The Imperial Japanese attack on Pearl Harbor on December 7, 1941 inflicted a brutal blow on the U.S. Pacific fleet but only two active ships were a total loss – U.S.S. Oklahoma and U.S.S. Arizona. Oklahoma was eventually refloated but was too badly damaged to repair and return to service. Arizona, however, had been devastated by a cataclysmic explosion caused by a bomb crashing through the deck and igniting the ship’s forward magazine. Nearly 80 percent of Arizona’s 1,512 crewmen were lost with most of them being entombed in the sunken ship. Read More
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In late September, the Navy announced a major overhaul in how it classifies and addresses its enlisted sailors. As part of the restructure, the Navy eliminated the centuries old ratings system for sailors. The move replaced titles like Machinist’s Mate First Class and Boatswain’s Mate Second Class with an occupational specialty code and the generic address of Petty Officer.
The following is a selection of opinion pieces from the November issue of Proceedings and other outlets that discuss the service’s decision. Read More
CORRECTION: A previous version of this post incorrectly stated the number of U.S. service members who were awarded the Medal of Honor for actions during the Battle of Okinawa. Twenty-four service members were awarded the Medal of Honor following the battle — 13 posthumously.
The Battle of Okinawa has been referred to as a “meat grinder” because of the carnage that took place during the three months of savage fighting between Japanese and U.S. led allied forces in 1945. Read More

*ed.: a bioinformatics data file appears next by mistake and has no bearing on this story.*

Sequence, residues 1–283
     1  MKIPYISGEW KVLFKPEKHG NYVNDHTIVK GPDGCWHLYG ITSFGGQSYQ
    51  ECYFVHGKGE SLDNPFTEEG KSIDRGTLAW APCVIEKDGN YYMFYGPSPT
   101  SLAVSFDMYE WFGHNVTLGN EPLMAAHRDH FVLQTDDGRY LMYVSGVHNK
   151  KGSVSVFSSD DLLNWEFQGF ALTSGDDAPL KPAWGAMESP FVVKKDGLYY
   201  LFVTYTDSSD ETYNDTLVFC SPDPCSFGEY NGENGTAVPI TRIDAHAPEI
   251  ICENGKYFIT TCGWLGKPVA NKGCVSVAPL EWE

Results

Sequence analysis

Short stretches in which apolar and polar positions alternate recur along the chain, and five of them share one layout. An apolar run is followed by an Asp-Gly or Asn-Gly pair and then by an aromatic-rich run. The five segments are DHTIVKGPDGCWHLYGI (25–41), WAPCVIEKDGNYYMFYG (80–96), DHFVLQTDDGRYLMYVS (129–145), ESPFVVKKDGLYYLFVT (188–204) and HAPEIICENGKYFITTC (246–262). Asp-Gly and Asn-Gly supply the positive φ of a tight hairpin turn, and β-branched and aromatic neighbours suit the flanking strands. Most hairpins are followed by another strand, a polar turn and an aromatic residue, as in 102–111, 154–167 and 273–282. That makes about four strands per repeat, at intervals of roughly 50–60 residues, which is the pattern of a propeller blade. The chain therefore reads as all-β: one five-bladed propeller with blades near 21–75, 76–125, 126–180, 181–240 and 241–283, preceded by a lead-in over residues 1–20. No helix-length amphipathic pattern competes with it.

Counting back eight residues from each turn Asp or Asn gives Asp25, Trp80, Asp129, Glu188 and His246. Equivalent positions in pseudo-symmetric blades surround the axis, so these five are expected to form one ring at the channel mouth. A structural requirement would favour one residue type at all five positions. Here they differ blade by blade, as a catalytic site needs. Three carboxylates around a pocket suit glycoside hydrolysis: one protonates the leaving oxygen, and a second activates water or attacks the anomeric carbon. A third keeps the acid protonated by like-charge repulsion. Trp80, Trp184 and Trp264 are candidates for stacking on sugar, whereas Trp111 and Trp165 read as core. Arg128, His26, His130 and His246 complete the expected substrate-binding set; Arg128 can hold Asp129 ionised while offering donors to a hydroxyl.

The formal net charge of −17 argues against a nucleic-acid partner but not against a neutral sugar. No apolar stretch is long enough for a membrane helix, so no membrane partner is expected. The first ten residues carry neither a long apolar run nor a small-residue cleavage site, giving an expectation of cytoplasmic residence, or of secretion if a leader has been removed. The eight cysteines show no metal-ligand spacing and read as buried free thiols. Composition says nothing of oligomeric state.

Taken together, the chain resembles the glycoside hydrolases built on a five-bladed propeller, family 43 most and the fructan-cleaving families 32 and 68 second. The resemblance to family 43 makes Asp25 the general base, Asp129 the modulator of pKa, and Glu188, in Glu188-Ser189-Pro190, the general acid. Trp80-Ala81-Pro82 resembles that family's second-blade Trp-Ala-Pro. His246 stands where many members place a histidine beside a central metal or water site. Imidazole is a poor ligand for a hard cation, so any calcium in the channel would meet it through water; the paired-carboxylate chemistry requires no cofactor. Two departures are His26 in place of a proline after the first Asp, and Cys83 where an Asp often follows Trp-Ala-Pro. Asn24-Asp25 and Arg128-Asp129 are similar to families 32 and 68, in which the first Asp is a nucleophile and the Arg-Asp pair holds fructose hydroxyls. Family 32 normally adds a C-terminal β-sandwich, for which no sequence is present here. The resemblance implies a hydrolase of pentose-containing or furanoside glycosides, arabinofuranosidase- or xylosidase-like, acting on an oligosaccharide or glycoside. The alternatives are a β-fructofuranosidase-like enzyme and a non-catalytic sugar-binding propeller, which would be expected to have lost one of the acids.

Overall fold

On Saturday, the guided missile destroyer Zumwalt (DDG-1000) will formally enter the U.S. Navy fleet in Baltimore in an act of pageantry that goes back thousands of years – the commissioning ceremony. Read More
The following is a selection of former U.S. Naval Academy football players who played for the NFL after their college careers. Read More
Historically, China has been a great innovator contributing inventions such as gunpowder, paper and the compass to human advancement. However, China has earned an international reputation in recent decades as being the home of a prolific copycat culture. Read More
Navies are tough on their ships.
From commissioning to when they leave the service, naval vessels are driven hard, fulfilling myriad missions and carrying their sailors and marines the world over.
More often than not at the end of their service these ships are sold to allies, scrapped or sometimes sunk to create coral reefs or for target practice.
However, there are some that are preserved as places for the public to get a sense for what life was like for warships and their crews on the high seas. Read More
The following are two contemporary news reports on the sinking of the Lusitania published in Proceedings in 1915. The first is from the European War Notes section in the May-June 1915 issue. The second is from Professional Notes in the Sept.-Oct. 1915 issue. Read More
On the 100th anniversary of its sinking, Lusitania remains the most well-known passenger ship to be lost during World War I. However, it was not the first liner to be sunk when it was torpedoed on May 7, 1915, nor was it the largest. Read More